As far as bleed-through goes, that it’s happening in the blogosphere, I’d contend it surely isn’t. Has the Ron Paul movement gotten racist suddenly in a way that I’m unaware of? The only bleedthrough I can see are people openly skeptical/critical of Ron Paul grabbing onto this story and trumpeting it by way of concern trolling. And, in doing so, THEY’RE the ones bringing weird racialist attitudes into it, to say nothing of a pretty hazy perspective on “association”. In other words, they’re much more at fault than Ron Paul. Has anybody given Stormfront.org and Alex Jones more mainstream media attention lately than the concern trolls? Or given them more of an overinflated importance to American politics? If you want there to not be that kind of bleedthrough you’re talking about, then stop trying to conjure it.

    But finally, I think the fundamental point of departure between you and myself, along with everybody else commenting it sounds like, is this:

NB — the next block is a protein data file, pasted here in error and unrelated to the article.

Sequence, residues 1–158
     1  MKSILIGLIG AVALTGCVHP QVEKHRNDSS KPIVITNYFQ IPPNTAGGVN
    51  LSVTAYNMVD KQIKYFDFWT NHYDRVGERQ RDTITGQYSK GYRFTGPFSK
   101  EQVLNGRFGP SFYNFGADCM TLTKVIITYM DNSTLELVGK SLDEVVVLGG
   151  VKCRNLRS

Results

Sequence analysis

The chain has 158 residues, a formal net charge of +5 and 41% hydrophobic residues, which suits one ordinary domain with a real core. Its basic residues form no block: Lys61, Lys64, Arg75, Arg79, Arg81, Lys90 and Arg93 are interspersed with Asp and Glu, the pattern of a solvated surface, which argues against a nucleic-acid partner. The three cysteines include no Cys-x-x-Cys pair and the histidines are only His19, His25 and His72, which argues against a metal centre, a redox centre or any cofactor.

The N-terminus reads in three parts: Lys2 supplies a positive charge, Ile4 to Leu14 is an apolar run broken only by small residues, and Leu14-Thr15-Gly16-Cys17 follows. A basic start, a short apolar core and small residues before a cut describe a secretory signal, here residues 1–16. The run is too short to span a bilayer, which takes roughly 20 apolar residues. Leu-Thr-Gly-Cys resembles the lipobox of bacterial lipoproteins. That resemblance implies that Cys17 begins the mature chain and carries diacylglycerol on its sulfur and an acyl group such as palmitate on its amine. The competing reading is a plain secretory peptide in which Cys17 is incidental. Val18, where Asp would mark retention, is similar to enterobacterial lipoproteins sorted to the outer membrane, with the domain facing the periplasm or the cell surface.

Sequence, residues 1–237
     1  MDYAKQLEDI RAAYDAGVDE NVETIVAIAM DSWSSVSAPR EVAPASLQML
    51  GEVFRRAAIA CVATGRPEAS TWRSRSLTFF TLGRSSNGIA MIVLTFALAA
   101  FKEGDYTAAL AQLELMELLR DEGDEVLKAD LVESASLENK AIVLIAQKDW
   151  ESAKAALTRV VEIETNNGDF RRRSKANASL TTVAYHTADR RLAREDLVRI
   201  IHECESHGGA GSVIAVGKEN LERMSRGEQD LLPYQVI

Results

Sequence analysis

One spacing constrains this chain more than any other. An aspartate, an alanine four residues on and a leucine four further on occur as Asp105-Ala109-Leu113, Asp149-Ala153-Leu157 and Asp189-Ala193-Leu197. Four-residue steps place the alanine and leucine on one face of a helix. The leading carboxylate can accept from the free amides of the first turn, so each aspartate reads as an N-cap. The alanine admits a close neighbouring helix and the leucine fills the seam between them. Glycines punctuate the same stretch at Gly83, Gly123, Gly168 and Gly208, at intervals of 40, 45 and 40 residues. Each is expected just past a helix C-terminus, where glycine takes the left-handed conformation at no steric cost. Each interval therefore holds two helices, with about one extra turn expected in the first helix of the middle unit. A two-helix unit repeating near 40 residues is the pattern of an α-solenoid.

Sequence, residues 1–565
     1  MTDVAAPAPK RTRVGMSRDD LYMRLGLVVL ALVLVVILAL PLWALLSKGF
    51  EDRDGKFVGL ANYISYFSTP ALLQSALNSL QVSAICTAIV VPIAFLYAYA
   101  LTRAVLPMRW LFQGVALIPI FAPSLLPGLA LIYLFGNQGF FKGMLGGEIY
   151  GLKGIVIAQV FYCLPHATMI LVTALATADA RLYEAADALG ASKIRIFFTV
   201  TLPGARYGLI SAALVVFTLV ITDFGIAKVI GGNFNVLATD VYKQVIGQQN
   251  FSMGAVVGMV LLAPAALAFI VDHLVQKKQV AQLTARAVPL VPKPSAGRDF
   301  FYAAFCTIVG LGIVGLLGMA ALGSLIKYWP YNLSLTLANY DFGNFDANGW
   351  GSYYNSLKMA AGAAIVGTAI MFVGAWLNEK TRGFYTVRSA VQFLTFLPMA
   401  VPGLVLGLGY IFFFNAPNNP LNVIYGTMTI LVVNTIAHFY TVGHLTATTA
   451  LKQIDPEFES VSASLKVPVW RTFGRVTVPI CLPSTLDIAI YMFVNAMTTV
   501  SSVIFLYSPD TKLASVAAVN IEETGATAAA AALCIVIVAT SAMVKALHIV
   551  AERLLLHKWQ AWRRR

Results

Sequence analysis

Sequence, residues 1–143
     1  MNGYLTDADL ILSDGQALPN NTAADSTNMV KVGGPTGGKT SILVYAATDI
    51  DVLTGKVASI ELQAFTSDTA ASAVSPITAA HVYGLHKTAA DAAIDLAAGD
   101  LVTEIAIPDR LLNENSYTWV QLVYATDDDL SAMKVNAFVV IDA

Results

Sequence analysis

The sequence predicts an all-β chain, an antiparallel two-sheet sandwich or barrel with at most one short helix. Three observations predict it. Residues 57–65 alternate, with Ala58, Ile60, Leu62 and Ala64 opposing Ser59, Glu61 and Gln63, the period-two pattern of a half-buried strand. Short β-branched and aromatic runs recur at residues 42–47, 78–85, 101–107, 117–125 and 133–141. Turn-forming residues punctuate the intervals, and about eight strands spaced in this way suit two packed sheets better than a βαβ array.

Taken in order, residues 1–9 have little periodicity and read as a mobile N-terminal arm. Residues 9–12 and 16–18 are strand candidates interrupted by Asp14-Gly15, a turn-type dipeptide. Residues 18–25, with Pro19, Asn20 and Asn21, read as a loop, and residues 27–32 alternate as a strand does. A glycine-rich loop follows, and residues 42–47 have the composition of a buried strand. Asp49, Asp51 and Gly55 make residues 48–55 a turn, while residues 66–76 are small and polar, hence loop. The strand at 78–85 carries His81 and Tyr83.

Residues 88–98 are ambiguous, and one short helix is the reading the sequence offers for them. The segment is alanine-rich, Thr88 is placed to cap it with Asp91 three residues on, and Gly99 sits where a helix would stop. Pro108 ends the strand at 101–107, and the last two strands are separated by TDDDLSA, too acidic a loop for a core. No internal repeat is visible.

The choice that Ron Paul’s supporters have to make is whether they think its okay to be associated with people like that.

    That’s such a strawman it’s hard to believe.

    No, the argument here is based on a rejection of premise. Namely, Ron Paul’s supporters are adamantly telling you they are NOT associated with people like that. You, on the other hand, are demanding that we are.

    But the bottom line take-away message here is: Ron Paul repudiates racism. Ron Paul rejects 9-11 Truthism. Ron Paul patiently explains why his positions are no more anti-Semitic than they are racist against Norwegians. What’s more, he does that more respectfully, more intelligently, and more inspirationally than any other candidate running.

    When did that stop mattering to you? Or rather, when did the perceptions of a handful of nuts become more important to you than that?